FEED Business Worldwide - April, 2011
How lysophospholipids improve the apparent metabolisable energy (AME) in broiler diets
by Bindhu Lakshmibai VASANTHAKUMARI, K.V. CHANDRASEKAR & V. RAVINDRAN
Fats are added to animal feeds to enhance dietary energy density, which leads to increased energy intake and, as a consequence, improved productivity. The addition of fat to diets, besides supplying energy, improves the absorption of fat-soluble vitamins and improves the palatability of the rations. Furthermore, the presence of fat reduces the passage rate of the digesta in the gastrointestinal tract, facilitating better absorption of dietary nutrients.
The efficient utilization of dietary fat requires digestion and absorption of fat in the gastrointestinal tract. The mechanism of fat digestion consists of three sequential steps, namely: (i) emulsification of fat (ii) lipase-catalyzed hydrolysis of fats to fatty acids and monoglycerides at the emulsion-water interface, and (iii) absorption of fatty acids through the intestinal villi (Figure 1). Owing to the insoluble nature of fat in the aqueous phase of digesta, emulsification step is a necessary process in lipid digestion. The rate-limiting step for fat absorption is diffusion through the "unstirred water layer" that lines the microvilli. The size of the micelles formed also determines their absorption by the villi (figure 2).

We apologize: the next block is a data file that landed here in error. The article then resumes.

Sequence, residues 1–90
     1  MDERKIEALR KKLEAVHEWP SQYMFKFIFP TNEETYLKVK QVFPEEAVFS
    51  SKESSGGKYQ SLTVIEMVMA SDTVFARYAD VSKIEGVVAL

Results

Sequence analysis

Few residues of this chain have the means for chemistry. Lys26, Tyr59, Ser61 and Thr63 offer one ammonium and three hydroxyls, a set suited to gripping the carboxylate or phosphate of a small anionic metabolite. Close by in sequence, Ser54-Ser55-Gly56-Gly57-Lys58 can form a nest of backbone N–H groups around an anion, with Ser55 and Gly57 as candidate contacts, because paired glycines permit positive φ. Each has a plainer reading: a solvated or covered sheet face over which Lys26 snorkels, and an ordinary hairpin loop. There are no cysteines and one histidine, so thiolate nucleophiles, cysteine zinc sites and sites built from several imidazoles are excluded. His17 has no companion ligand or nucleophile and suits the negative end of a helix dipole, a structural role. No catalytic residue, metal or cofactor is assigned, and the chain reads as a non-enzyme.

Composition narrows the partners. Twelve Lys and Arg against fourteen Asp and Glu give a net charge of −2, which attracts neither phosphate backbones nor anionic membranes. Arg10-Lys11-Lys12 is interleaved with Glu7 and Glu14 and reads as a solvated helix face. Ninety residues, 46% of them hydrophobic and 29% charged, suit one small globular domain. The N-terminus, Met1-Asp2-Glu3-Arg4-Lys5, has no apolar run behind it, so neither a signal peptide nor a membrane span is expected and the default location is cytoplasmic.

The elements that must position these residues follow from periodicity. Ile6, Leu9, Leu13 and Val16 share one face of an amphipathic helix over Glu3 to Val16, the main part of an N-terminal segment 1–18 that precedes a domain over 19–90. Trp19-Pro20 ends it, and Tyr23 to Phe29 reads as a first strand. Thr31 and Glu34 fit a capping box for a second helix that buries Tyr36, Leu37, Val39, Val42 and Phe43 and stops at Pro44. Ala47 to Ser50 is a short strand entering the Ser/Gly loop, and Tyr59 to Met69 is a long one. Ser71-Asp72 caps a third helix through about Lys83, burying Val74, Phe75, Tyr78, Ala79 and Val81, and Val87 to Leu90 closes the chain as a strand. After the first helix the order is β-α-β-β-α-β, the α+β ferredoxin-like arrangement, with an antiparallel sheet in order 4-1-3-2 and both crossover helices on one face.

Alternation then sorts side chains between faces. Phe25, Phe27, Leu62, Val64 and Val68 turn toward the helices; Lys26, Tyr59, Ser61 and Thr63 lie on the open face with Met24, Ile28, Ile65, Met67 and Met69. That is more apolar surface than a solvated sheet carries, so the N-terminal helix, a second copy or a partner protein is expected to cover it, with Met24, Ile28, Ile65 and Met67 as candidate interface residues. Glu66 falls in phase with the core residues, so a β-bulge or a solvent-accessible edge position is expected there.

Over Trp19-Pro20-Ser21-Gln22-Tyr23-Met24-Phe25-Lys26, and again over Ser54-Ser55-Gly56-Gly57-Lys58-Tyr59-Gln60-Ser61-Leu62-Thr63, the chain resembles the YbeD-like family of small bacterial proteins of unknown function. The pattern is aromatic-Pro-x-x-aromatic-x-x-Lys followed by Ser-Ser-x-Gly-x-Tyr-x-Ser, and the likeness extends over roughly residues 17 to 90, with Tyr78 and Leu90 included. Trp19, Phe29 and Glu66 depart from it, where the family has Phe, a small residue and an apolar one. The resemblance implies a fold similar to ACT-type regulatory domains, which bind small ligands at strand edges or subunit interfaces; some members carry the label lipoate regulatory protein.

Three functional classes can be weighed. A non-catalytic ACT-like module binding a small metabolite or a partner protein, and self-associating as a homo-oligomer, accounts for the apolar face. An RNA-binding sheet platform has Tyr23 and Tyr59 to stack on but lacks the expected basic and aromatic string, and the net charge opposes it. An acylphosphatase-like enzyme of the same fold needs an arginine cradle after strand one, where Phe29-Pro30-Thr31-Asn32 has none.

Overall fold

Bile salts function to emulsify fat to form fat-containing micelles to ease absorption from the intestinal tract. However, in animals, the production of bile salts is limited at birth and during early stages of development. Studies in poultry have indicated that fat digestion is low at early ages due to poor emulsification rather than deficiencies in lipase activity and this has led to considerable interest in the use of emulsifiers as a means of improving the utilization of fats in young birds. Lyso-phospholipids play a significant role in animal nutrition as powerful biosurfactants. The combination of lipophilic and hydrophilic properties of Lysophospholipids allows them to act as biosurfactants when mixed with water and fat. Dietary supplementation of Lysophospholipids has been shown to increase the digestibility and absorption of fat in young chicks and weaning piglets by improving the fat emulsification.